What Dreams May Come is one of the most joyless films I have ever seen. Some have apparently found it uplifting, and the god-awful title and, er, dreamy poster initially may lead you to believe that that’s the case, but I found it as uplifting as being diagnosed with terminal cancer.
Not that more downbeat films are inherently bad—in fact, Paul Thomas Anderson’s fantastic There Will Be Blood had a startlingly dark ending, but it wasn’t there for the sake of cheap shock value, but because that was the most sensible way to end that film’s epic story.
Dreams, on the other hand, constantly shoves sad and horrible things in our faces for the sake of being “touching” and “powerful”, and the effect just gets deadening—and depressing—very, very quickly. Something like Cannibal Holocaust may “get a reaction” out of you with extreme gore and violence, but that doesn’t make it good.
We are first presented with Chris (Robin Williams) and Annie, a happy couple who get married, have kids, and peacefully live out their lives together. Then their kids die in a car accident. Then, only four years later, Chris dies after a car falls on him (no, that’s not meant to be funny), and he’s initially left to aimlessly wander around as a ghost and watch his wife grieve. Then, once Chris finally gets into heaven, Annie first slits her wrists, then fatally overdoes on pills, resulting in her being sent straight to hell. Feeling uplifted yet?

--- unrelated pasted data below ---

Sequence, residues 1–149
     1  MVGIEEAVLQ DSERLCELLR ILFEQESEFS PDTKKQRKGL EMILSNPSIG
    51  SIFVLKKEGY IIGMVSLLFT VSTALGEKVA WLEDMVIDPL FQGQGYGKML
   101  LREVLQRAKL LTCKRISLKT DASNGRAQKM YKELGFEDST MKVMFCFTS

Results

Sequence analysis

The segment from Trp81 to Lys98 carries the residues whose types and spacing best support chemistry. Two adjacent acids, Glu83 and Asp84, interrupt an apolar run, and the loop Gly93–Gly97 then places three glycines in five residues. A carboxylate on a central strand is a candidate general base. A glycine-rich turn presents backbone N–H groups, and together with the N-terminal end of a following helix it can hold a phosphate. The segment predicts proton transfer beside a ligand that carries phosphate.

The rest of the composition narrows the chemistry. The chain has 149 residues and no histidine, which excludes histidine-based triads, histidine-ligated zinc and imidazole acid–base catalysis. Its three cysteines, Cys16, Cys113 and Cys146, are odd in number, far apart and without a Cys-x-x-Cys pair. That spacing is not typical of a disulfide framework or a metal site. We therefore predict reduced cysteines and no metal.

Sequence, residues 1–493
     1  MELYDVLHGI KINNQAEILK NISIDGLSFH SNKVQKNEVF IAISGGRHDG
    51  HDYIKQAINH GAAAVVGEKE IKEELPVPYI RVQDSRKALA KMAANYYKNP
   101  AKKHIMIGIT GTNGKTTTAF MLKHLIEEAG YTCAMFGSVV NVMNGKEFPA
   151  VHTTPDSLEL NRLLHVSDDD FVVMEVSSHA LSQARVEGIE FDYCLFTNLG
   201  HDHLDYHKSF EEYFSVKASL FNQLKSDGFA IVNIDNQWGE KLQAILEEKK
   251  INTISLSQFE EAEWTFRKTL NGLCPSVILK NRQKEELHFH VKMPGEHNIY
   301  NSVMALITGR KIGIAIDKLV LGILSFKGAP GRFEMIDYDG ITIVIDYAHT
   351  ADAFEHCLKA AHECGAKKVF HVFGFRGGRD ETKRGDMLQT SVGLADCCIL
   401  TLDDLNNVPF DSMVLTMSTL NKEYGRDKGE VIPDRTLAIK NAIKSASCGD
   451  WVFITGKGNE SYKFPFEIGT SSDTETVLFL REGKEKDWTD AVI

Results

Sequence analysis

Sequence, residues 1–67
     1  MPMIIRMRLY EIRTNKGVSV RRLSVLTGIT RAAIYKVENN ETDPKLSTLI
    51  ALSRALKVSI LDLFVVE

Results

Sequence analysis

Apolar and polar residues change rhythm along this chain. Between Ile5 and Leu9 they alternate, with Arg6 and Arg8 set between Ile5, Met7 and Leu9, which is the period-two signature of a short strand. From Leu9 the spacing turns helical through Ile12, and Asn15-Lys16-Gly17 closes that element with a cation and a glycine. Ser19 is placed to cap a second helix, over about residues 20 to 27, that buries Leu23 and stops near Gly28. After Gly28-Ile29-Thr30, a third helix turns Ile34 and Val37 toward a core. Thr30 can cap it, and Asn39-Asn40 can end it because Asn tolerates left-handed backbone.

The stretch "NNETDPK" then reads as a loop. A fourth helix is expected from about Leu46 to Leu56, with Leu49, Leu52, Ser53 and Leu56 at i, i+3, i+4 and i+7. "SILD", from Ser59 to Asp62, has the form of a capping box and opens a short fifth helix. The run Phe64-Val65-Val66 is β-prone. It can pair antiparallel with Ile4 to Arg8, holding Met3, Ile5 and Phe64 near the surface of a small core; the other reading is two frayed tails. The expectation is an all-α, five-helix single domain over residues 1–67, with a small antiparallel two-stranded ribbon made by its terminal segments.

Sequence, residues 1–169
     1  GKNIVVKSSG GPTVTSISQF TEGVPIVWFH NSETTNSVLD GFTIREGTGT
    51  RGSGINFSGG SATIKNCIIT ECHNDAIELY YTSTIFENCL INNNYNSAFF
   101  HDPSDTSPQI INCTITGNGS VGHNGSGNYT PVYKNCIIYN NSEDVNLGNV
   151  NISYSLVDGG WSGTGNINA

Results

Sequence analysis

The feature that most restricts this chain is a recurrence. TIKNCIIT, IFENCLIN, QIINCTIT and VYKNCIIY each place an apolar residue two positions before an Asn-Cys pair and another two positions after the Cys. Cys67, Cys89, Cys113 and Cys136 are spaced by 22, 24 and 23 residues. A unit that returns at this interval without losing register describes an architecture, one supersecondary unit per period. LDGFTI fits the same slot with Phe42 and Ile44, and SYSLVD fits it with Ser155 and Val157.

At one point, Dreams halfheartedly tries to lighten things up with some comic relief, but all of the attempts at it are so forced and artificial that they just don’t work. Then again, I was just too miserable by that point to laugh at anything, so it’s not like that would have even mattered anyway.
When Dreams isn’t dealing in cruel misery porn, it insists on shoving irritating amounts of schmaltz down our throats from every angle, topped with confusing slow-motion, unbearably corny one-liners (half of me expected somebody to step out and say “Is this heaven? No, wait, it’s Iowa.”), and the most horribly clichéd “emotional” music.
Admittedly, the film does have its saving graces, but they’re limited to a good performance from Williams and the admittedly creative visual effects. Even so, the $90 million budget must have run out by its second half, as it is filled with cloying, unnecessary “real life” flashback scenes that don’t serve any real purpose other than to fill up more screen time and try so very, very hard to jerk that extra tear out of your eye.
For all of its mean, mawkish manipulations, perhaps the worst thing about Dreams is the dangerously mixed messages it winds up sending. In the film’s logic, if you commit suicide, you will wind up in a significantly worse version of your house and lose all your memory, but your true love will waltz right in, somehow cure your amnesia, and whisk you right away to heaven, where you will both live happily ever after and never have to worry about your terrible little lives again.
I hate to sound like a preachy moral guardian here, but in an era where the YA-targeted show 13 Reasons Why has been directly linked to teen suicide rates suddenly rising, stuff like this can’t be ignored. It needs to be paid attention to, and it needs to be condemned as much as humanly possible.
Besides that, though, What Dreams May Come is a bleak, pretty unenjoyable misfire that occasionally looks cool, but is otherwise not worth watching on any level whatsoever. Unless, of course, you like feeling like crap for nearly two hours straight, and even then, there are much better films you could watch instead.